We've been told that "It takes a village" to raise a child and that certainly is the case for a child with food allergies. As a grandparent, you naturally want the best for your grandchildren, yet the notion of a life-threatening allergy to an innocent food can be hard to grasp.
If your grandchild has been diagnosed with food allergies, you must take this medical diagnosis very seriously. Even if he or she is one of the lucky ones who will eventually outgrow the allergy, it is crucial that you err on the side of caution.
Leading pediatric allergist Dr. Robert Wood of Johns Hopkins explained that "One of the most common causes of reactions in allergic children is related to food being provided by the grandparents who never really understood or believed the notion that their grandchild had this severe food allergy."
The good news is that studies have shown that when caregivers are trained in avoiding, recognizing and treating allergic reactions, the frequency and severity of these reactions decreases. The following tips can help you to ease the burden on your loved ones and will enable you to become a more reliable caregiver.
Abide by their rules even if you don't understand them. Since the day their child was diagnosed, your son or daughter has been learning a new way of life with severe food allergies. There are a lot of ambiguities and there is a lot of stress. Assume that the parents know best. You won't get a chance for a "do-over" if your grandchild has a reaction.
Doctor's orders Let your grandchild's physician handle his or her medical care. Allergy parents are bombarded with hokey tips and media stories of treatments and cures involving everything from worms, to herbs, to acupuncture. Some of this research is very promising but for now, assume your grandchild is in good hands with his current physician.
Engage but don't overstep. I read once that grandparents are like pinch hitters. They need to sit on the bench until they're called up. Allergy parents (especially after a recent reaction or diagnosis) often have a lot of anxiety over their child's condition. If you are asked and are able to help, fantastic. But unless you truly believe your grandchild is in danger, don't suggest alternative ways of managing allergies.
Pick your battles Holidays are one of the most challenging times for allergy families. Prioritize. What is the most important thing about the holidays? As Suze Orman says "People first." Yes, you want to make your traditional nut braid and thumb print cookies, but believe me, you can have a festive and loving holiday without cookies, candy, mashed potatoes, even pumpkin pie. But you can't have a glorious family holiday if one family is missing. So think and think again about what's most important.
Phone Home Ask an allergy mom where the phone is when she takes a shower, and 99% of them will tell you that it's right outside the shower door. Most of us have gotten that call about an allergic reaction at one time or another. And when we're leaving our child with a caregiver, our fingers have a mind of their own and we need to make that call to check in. So when you are caring for your grandchildren, keep your phone within reach at all times.
Serve it our way You may have a swell idea about how to reheat little Johnny's dinner but you did not realize that they spray you just put in the pan contained dairy. You saw Alicia eating strawberry sorbet last month. You didn't realize that the brand you purchased is processed on lines with butter pecan ice cream. Daniel's noodles tasted so bland, you thought you'd add a little seasoning, not realizing that it contains wheat. Well-meaning people who are not accustomed to living with food allergies can easily make a dangerous mistake and put a child at risk. Hidden ingredients and cross-contamination have caused serious, even fatal reactions. Do yourself a favor, and serve your grandchild only the foods that his parents have approved and serve them in exactly the way they've asked.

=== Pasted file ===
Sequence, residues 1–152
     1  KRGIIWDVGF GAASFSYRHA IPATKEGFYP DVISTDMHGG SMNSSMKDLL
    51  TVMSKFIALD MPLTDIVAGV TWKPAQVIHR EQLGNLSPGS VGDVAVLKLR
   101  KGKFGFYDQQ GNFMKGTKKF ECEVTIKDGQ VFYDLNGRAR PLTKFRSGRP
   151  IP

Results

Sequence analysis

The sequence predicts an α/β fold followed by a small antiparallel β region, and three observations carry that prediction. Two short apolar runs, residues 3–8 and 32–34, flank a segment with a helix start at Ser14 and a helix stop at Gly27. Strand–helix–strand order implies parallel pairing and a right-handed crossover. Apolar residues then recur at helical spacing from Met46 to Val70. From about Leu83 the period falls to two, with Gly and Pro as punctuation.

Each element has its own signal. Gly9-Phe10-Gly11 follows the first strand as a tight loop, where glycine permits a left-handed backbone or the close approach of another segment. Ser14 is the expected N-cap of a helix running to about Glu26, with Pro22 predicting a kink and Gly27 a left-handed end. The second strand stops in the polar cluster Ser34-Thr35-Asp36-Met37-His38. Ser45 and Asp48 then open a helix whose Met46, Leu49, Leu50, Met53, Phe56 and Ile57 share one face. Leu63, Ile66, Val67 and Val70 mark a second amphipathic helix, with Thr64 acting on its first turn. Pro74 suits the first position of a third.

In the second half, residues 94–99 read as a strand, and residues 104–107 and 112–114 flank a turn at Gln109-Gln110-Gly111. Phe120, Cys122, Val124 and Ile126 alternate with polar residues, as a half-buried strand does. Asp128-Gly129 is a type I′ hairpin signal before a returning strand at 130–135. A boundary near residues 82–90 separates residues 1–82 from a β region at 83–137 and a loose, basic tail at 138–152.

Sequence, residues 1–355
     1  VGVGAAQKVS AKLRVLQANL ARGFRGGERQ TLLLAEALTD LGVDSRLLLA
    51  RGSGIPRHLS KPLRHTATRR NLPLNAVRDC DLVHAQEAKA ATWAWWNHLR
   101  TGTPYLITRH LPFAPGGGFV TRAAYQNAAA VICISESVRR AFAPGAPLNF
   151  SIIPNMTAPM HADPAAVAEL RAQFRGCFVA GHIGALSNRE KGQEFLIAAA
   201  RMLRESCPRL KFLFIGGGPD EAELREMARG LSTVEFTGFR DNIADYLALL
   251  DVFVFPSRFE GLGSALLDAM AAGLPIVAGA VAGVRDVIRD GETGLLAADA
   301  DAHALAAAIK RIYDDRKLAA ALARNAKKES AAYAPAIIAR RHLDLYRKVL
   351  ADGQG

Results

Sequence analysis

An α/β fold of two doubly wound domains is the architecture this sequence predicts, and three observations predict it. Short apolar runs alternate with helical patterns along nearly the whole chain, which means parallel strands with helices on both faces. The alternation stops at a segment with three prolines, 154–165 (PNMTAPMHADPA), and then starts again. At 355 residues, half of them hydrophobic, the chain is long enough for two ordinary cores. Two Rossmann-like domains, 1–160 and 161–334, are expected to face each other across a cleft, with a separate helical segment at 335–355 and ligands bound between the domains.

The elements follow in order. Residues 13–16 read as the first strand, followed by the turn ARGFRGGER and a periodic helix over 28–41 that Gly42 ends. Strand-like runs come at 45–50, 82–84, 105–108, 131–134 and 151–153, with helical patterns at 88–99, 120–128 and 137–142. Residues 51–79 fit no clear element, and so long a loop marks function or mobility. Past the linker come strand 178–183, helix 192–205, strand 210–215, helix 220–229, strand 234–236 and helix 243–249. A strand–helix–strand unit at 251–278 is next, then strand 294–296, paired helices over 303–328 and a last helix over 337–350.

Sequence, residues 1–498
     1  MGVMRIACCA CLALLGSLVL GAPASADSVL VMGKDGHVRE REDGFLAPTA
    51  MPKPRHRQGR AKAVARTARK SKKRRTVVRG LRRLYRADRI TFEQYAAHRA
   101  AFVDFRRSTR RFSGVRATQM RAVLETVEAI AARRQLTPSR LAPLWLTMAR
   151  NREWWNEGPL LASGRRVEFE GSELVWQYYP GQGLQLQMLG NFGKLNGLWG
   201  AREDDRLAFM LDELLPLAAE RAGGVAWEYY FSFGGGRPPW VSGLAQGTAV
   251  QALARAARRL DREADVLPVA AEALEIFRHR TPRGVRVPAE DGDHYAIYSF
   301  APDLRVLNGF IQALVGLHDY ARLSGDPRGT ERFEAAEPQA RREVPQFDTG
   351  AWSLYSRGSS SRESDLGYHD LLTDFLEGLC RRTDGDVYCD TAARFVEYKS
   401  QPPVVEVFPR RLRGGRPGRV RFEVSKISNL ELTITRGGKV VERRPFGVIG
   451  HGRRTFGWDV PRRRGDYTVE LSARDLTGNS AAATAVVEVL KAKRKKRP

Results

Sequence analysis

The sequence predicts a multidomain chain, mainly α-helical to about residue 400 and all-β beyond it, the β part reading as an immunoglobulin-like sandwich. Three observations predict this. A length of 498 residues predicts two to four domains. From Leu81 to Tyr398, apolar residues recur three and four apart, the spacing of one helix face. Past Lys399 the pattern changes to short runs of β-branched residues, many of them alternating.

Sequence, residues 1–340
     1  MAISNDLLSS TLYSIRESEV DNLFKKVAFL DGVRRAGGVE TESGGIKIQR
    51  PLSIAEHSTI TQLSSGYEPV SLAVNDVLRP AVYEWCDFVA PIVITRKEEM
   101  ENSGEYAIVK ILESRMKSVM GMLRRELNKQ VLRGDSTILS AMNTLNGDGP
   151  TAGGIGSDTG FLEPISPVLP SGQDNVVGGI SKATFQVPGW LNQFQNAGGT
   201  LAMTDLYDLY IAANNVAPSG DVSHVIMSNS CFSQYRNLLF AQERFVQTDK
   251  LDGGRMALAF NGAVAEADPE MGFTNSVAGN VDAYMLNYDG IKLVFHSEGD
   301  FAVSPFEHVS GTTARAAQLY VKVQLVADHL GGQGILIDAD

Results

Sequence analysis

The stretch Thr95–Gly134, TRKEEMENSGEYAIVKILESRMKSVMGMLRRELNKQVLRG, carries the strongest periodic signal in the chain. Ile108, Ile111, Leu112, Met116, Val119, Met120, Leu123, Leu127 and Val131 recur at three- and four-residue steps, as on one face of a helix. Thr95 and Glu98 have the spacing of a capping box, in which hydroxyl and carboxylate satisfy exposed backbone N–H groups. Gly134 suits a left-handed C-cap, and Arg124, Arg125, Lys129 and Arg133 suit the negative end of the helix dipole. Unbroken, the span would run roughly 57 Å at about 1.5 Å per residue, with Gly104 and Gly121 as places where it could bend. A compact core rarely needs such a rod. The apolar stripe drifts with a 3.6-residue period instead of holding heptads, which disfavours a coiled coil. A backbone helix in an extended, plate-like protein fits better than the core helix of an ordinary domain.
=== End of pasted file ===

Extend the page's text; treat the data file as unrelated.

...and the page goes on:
Emotions count You may find yourself thinking that your son or daughter is going overboard with precautions or restrictions. Perhaps you believe that they could safely attend a family picnic, vacation or wedding. You may be right. But consider the family's emotional heath and stress level, especially if the child was recently diagnosed. Sometimes the anxiety level in the home is so high, that it is just not worth all of the preparations and worry about an event. Sometimes it's better to decline a stressful invitation and keep the family safe and calm at home. The emotional well-being of the family members is as important as their physical health.
Get support for yourself Recently, my mother explained that a good friend of hers was a tremendous support to her after my son was diagnosed. I'm embarrassed to admit that I actually thought "Why would you need support?" And then the light bulb went off and I realized that my mother, my son's grandmother, had also gone through the myriad of emotions that follows a scary diagnosis. Once you really grasp the severity of this life-changing medical condition, it can be overwhelming. So if you find yourself feeling sad, or scared or grieving about your grandchild's condition, get the help and support that you need from friends, your spouse or a mental health professional.
These tips are not a substitute for learning about food allergies, and how to avoid, recognize and treat an allergic reaction. However, if you show the willingness to become an informed caregiver, you will go a long way in alleviating the stress and allowing your son or daughter some much needed time off duty. Your concern will nurture and strengthen your relationship with the entire family. Isn't that what grandparenting is all about?